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Understanding food

Science Briefs

Researchers from Aarhus University, Denmark, and the European Food Information Council (EUFIC) have analysed socio-demographic and attitudinal determinants of nutrition knowledge of food shoppers from six European countries: UK, Sweden, France, Germany, Poland, and Hungary. Main findings include social grade, country of residence and age to directly influence participants’ nutrition knowledge. Furthermore, older people, women and respondents of a higher socio-economic status showed a more active interest in healthy eating. The use of expert sources (physicians, dieticians and health associations) had only a small effect on how low or high the measured nutrition knowledge of participants in this study was.
Regular coffee drinking could lower the risk of liver cancer by up to 55%, suggests a new meta-analysis. The prevalence of liver cancer is rare in Western countries but affects considerable numbers of people in East and South East Asia.

Adding cinnamon to carbohydrate meals may slow the rise in blood sugars, claims a new study. This could be helpful for people with diabetes, or those concerned about blood sugar control.

Eating cocoa could help reduce LDL ‘bad’ cholesterol, according to a Japanese intervention study.
Researchers from the Wageningen University in the Netherlands found that thinking in black and white terms when it comes to food (e.g. thinking of foods as either “good or bad”) can partly explain why the tendency to consciously control food intake is associated with more weight regain. People who follow a rigid “all or nothing” diet approach may be more likely fail to stick with their diet and tend to regain weight in the long-term.

The Joint Research Centre (JRC), the European Commission's in-house science service, has published a science and policy report highlighting the importance of diet and nutrition in increasing healthy life years, and promoting Active and Healthy Ageing (AHA). The report describes the main factors of AHA, focusses on under-nutrition in the elderly as both a cause and consequence of functional decline, and highlights the main research gaps.

The European population is ageing – the proportion of people older than 65 is projected to increase from 17.4% to nearly 30% by 2060. The number of people 80 years and over will triple during the same period. Supporting AHA is critical to improving the quality of life in the elderly, ensuring that individuals continue to contribute to society later in life. In this context, ‘healthy’ refers to physical, mental and social well-being and ‘active’ is the continuation of participation in civic, cultural, economic, physically active, social and spiritual affairs.

A team of researchers from eight European countries have found that a diet that is very similar to the traditional Mediterranean diet is associated with lower body weight and fat percentage in children. They also found that this diet is not common among children in Mediterranean countries. The researchers were partners in the EU-funded IDEFICS study (2006-2012), one of the largest studies to investigate health effects of a changing diet, lifestyle, and social environment and develop intervention approaches for two to ten-year olds.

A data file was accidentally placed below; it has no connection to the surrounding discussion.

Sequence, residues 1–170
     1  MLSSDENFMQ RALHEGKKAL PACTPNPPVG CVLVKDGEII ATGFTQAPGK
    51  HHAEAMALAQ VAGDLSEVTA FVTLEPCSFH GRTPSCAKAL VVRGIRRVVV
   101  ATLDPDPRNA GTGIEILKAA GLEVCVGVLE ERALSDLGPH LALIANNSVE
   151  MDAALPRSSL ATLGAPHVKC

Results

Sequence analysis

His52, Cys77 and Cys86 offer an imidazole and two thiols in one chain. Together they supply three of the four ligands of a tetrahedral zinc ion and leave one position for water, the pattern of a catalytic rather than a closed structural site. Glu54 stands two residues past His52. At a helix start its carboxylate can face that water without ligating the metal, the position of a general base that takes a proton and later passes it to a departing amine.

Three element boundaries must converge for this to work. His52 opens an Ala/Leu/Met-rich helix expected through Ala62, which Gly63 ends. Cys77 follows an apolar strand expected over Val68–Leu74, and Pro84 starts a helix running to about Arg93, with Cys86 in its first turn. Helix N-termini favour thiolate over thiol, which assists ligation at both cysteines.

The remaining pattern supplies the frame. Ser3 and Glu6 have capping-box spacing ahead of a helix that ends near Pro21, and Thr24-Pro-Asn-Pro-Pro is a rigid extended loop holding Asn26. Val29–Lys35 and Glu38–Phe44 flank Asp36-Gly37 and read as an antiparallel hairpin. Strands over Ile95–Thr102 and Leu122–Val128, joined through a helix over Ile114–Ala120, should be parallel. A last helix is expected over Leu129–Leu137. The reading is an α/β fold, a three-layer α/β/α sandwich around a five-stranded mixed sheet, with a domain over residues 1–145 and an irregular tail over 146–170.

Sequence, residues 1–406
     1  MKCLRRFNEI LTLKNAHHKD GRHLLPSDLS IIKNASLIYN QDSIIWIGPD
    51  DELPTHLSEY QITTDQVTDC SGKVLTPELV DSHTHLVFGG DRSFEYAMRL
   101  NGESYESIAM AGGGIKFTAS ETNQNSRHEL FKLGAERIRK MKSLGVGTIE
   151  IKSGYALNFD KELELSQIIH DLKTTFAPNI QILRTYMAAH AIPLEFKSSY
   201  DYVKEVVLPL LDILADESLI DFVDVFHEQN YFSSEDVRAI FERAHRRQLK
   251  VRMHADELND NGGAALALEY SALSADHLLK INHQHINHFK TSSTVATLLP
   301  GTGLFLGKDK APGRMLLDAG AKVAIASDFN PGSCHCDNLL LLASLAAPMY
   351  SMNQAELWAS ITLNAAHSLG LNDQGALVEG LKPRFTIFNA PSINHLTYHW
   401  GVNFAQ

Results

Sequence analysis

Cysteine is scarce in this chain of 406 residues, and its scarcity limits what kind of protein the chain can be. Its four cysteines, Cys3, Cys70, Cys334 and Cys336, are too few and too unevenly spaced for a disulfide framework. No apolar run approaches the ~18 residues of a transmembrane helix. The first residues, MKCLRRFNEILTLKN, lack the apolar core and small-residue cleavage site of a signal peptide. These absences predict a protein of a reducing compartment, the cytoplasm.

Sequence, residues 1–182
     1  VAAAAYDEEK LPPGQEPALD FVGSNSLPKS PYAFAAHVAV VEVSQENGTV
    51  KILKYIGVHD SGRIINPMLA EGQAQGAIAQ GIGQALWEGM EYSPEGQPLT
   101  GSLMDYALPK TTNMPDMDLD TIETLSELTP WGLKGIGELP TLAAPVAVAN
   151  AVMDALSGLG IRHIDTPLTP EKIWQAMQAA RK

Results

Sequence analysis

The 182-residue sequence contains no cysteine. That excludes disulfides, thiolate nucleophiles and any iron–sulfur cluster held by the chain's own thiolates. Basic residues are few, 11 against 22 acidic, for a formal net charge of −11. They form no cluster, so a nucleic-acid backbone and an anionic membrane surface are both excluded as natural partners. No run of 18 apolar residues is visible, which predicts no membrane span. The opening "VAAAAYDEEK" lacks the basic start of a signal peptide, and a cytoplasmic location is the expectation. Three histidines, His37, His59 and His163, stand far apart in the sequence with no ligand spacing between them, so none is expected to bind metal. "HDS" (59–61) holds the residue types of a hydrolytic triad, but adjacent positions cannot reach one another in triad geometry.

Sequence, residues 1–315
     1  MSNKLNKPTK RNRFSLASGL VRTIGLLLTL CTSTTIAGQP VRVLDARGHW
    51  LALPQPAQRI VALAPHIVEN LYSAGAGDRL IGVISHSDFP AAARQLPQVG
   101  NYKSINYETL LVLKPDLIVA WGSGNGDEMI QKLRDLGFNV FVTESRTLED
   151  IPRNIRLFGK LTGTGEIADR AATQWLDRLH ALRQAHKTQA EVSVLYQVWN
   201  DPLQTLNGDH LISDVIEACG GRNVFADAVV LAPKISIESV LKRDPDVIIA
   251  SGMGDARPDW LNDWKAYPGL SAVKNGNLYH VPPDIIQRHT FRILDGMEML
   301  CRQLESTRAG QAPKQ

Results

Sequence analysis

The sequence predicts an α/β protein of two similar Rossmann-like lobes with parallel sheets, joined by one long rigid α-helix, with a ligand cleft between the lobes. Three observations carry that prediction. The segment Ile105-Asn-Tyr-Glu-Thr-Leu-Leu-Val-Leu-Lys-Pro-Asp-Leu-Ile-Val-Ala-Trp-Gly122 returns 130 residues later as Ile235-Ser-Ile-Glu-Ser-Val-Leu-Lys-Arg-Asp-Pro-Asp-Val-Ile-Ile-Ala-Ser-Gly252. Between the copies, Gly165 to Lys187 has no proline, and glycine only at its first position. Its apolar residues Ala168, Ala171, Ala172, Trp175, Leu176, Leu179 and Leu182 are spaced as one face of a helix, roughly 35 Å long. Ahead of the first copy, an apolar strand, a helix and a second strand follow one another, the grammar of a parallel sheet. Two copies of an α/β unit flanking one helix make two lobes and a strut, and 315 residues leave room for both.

Researchers from Europe and Asia have joined forces to undertake an international project regarding salt reduction among the general population. By means of a cross-sectional study, perceptions, attitudes and behaviours related to salt intake were investigated in eight developed and developing countries around the world. The study revealed that participants largely underestimated their individual salt intake and they also showed difficulties in identifying the main dietary sources of salt. Respondents further contradicted themselves as they showed low interest in salt reduction while, at the same time, such behaviour (i.e. salt reduction) was perceived as healthy and important. Based on these findings, the group of researchers offers advice in developing global intervention programmes for salt reduction, including nationally tailored strategies to engage and interest consumers.
In a review published in Food Research International, researchers at University of Milan and University of Trieste analysed the findings from several studies to exploit the effectiveness of DNA barcoding as a tool for food traceability. The review also considers other applications such as quality control and detection of commercial fraud.
Researchers at Stanford University, USA conducted a systematic review of published literature to determine if organically produced foods are safer or healthier than conventionally produced foods. Overall, the published literature does not suggest health benefits from consuming organic rather than conventional foods; nevertheless, it found that consumption of organic produce may reduce exposure to pesticides and consumption of organic pork and chicken may reduce exposure to antibiotic resistant bacteria.
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The European Food Information Council (EUFIC) is a non-profit organisation which communicates science-based information on nutrition and health, food safety and quality, to help consumers to be better informed when choosing a well-balanced, safe and healthful diet.

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This site was last updated 26/09/2016
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